As the Moon revolves around the Earth, the Earth-Moon system is revolving around the Sun. In a lunar month, the moon passes through a series of “phases” as seen from Earth.

- Occur at New Moon and Full Moon phases
- Earth, Moon, and Sun aligned
- Moon’s tidal bulge adds to Sun’s
- Higher high tides
- Lower low tides
- Nothing to do with seasons. The word “Spring” is from Old English word “springere” meaning to rise or spring up

- Occur at 1st quarter and 3rd quarter phases
- Earth, Moon, and Sun at right angles
- Moon tidal bulge subtracts from Sun’s
- Lower high tides
- Higher low tides
- Neap—acronym for near even as possible

Which tidal records show diurnal tides? Semidiurnal? Semidiurnal mixed?

Note the timing of spring and neap tides and lunar phases.

C. perigee

D. aphelion

A. apogee

B. perihelion

- A spring tide during moon’s perigee.
- Higher highs and lower lows
- Occurs a few times per year

http://oceanservice.noaa.gov/

facts/perigean-spring-tide.html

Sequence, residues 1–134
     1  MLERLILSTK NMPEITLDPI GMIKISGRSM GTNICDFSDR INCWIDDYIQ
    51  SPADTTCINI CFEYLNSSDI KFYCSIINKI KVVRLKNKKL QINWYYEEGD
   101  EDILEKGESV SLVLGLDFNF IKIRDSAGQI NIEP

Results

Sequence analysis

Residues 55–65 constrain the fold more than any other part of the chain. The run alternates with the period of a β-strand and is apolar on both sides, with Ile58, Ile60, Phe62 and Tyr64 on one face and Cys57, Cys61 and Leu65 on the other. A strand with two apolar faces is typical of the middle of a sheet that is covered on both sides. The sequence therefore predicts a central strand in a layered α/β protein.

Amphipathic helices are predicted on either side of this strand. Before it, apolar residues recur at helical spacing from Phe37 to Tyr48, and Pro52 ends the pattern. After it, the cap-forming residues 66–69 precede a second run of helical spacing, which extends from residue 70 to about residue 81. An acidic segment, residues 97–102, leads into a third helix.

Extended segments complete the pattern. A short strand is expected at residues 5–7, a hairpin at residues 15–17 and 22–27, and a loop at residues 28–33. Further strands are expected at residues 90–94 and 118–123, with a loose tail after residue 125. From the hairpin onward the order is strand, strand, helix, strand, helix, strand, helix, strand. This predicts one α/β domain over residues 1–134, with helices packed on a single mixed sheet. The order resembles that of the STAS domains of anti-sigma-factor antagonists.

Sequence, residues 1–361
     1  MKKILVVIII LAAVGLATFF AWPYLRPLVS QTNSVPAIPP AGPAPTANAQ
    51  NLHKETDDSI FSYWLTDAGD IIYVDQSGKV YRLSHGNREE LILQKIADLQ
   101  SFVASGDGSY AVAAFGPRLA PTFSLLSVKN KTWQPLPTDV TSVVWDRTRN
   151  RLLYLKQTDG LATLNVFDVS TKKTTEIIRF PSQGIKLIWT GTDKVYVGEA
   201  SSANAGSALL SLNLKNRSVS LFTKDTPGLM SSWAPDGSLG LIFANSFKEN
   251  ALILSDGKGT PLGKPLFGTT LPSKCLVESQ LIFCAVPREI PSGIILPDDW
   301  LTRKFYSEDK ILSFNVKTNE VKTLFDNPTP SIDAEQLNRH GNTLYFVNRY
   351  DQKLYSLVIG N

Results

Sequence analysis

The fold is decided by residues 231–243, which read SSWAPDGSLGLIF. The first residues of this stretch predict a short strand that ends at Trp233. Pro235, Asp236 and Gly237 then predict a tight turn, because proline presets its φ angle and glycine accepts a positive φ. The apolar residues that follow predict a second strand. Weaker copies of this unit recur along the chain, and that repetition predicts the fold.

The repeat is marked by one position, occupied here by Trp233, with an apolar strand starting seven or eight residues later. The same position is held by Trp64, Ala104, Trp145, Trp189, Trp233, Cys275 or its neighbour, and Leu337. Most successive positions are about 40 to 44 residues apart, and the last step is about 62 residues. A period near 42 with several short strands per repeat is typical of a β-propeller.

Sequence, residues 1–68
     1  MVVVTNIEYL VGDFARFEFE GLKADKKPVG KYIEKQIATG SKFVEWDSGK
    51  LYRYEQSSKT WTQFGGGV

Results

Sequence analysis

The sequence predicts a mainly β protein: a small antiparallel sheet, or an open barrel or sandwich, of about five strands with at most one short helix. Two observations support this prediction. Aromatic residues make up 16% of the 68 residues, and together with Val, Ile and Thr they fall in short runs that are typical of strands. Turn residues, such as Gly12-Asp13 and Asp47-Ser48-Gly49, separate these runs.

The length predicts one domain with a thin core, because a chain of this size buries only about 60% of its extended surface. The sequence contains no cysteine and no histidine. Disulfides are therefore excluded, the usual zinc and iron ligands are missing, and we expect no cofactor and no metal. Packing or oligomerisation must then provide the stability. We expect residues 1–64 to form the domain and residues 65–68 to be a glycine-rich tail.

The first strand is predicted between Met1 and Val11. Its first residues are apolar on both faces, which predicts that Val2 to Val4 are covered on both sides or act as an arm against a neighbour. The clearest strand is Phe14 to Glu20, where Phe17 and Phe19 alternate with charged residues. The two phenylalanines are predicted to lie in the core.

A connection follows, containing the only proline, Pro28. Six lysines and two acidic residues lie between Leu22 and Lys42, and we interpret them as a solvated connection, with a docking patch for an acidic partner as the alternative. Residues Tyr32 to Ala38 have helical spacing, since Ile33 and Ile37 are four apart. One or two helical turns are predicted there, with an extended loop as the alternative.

- A rare, unusually high tide
- Occurs when the moon is both unusually close to the Earth (at its closest perigee, called the proxigee) and in the New Moon phase (when the Moon is between the Sun and the Earth)
- 25% increase in tides
- The proxigean spring tide occurs at most once every 1.5 years

- Needed to explain the real tides on Earth
- There are many complications with Equilibrium Tidal Theory

- Size of basin (lakes have no tides)
- Width of continental shelf (wider shelves = higher tides)
- Shape of shoreline, concave embayments = higher tides
- Water depth variations deep water nearshore = higher tides

- Wavelength is one-half Earth’s circumference
- Shallow-water wave

Courtesy of Dr. Tom Garrison

- Can’t use Equilibrium Tidal Theory alone
- Need to combine years of local observations with astronomical data
- Minimum 19-year record to allow for 18.6-year declinational period of the Moon
- Result is Tide Tables with local predictions of water level and timing of tides

- Tides in individual basins are deflected by the Coriolis Effect
- Also blocked by continents
- Results in a rotary wave going around the basin
- Two daily cycles around the basin = semidiurnal
- One daily cycle around the basin = diurnal

Rotary Tide Cycle called Amphidromic System

Amphidromic Point (node)—no change in water level

Cotidal lines—tide occurs at the same time along each line

Corange lines—tides of same amplitude along each circle

A tidal bore is a wall of water that surges upriver with the advancing high tide.

Tidal Bore

Tides